Whether you think there is some magic in all of this I don't know, but I am grateful to have experienced the magic in the Riesling. I could ramble for ever about Mosel wines, but maybe there is another way to convince those of you who have never experienced them: The morning after the tasting – a tasting that went on for hours – I woke up with my head light as a feather, my heart singing with joy and the memory of delight on my sleepy tongue better than many an actual wine. How's that for Riesling magic?
Wow, this truly is an epic article! Thanks for this one. I was maybe a bit sad to read that Petrol is considered a fault, as I enjoy it in many Rieslings, but diversity probably is the most important of all. Amazing read! Greets
In reply to Epic! by Alex
Thanks - it also was an epic tasting! Anyway, there are different opinions with regards to petrol aromas in Riesling. Nik seemed to like the whole range of aromas from paraffin to cold tar soap (as do I), but he sees stronger petrol notes, especially in younger Riesling, as a fault. He did not specify this but it seemed to me he in particular referred to some new world Rieslings planted in fairly hot climates. For me it is, boring as it may sound, mostly a question of balance and the right seasoning. Either way it was interesting to learn something about the chemistry behind it.
2002, 2005 and Chardonnay
Sweetness is your friend. Sweetness is your... Oh, I wasn't done repeating just yet. On the great vintages ending on a 1, I always feel honour-bound to make the case for 2002, my favourite German vintage. While 2001 seems to have been great on the Mosel, but more mixed elsewhere, I have found 2002 reliably excellent all over Germany. On 2005, I am a little more reserved as well, because quite a few 2005s I found to be lacking acidity, for my palate at least. But none of those were St. Urbanshof, it should be added. Did you, by any chance, get to ask Nik about the mystery Chardonnay his estate produced some time in the late 90s? Got a case on eBay a few years ago (remember?), drank it, liked it, never heard of it before or since, never found anything on the Internet about it.
In reply to 2002, 2005 and Chardonnay by Julian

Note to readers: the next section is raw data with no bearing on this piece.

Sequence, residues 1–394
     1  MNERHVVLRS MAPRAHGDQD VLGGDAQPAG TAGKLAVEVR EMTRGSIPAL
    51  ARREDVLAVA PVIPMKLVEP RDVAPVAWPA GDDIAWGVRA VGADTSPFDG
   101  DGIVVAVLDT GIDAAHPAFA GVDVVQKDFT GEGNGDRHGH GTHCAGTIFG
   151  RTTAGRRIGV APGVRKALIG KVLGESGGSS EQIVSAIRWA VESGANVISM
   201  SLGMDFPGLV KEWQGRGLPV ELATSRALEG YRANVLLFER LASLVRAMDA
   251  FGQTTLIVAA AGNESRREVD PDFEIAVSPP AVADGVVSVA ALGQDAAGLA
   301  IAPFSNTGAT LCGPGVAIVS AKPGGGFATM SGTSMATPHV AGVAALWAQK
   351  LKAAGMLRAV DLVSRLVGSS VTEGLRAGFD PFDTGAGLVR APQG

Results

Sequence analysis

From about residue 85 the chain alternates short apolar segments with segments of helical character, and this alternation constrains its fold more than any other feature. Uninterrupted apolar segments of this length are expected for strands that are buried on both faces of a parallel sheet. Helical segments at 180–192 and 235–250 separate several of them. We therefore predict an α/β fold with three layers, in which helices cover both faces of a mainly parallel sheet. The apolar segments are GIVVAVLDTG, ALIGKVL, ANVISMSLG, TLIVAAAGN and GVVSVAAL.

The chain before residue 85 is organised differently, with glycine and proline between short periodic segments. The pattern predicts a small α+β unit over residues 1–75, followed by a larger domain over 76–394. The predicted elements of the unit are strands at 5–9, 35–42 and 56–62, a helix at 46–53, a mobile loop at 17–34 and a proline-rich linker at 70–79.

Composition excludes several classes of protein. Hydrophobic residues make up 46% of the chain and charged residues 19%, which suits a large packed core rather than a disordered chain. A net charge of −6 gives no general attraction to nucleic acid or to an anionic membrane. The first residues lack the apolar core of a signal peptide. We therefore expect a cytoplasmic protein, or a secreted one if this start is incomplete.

the vintage / the Chardonnay
Ah, the Chardonnay - I must admit I had totally forgotten about that but I will raise the question when I get a chance. You are ahead of me with the 2002 as I don't think I have had a chance to try enough of them to have formed an opinion. For some reason I always seem to encounter 2001 and 2003.
In reply to the vintage / the Chardonnay by torsten
Hi Torsten & Julian
I came across your blog today while reading wine-searcher.com. You have a fascinating blog and due to the fact I am learning about wine, but particularly about Riesling I found it very helpful and informative.
I look forward to regularly reading your blog and keeping up with your news about the noble Riesling and also Spatburgunder.
I did have one question though, in your article you mention having Thai cuisine with an off dry Riesling and how it paired quite well. I have a Plafz Riesling Spatlese trocken that I am planning on pairing with Thai cuisine, do you think this will be a good pairing or is it better to pair it with something slightly sweeter?
Interested to hear your thoughts on the matter.
In reply to Riesling by S.M.
Riesling and Thai food
Thank you for your comment and your kind words, S.M. - happy to hear you like the Wine Rambler. We are big Riesling fans (this is stating the obvious, but that is a hobby of mine) and it certainly is a fantastic grape variety to explore, especially as it comes in all varieties from bone-dry to super sweet, light, substantial etc. and also as sparkling wine.
Out of those types the standard recommendation for Thai food would be an off-dry Riesling (halbtrocken or feinherb), but that is obviously a wide generalisation as Thai food can be as different as wine. My general recommendation is not to be too concerned with food and wine pairing. Some combinations are excellent and a few won't work at all, but often it is a grey area where both the specific wine and personal preference play an important role. The "objectively" better match does not have to go best with your taste. So depending on the specific Thai dish you are considering an off-dry wine might be better (I like the sweetness with the spice of the food) but I have also paired dry Riesling with spicy, Asian flavours. However, if you are going for really spicy I would suggest a sweeter wine.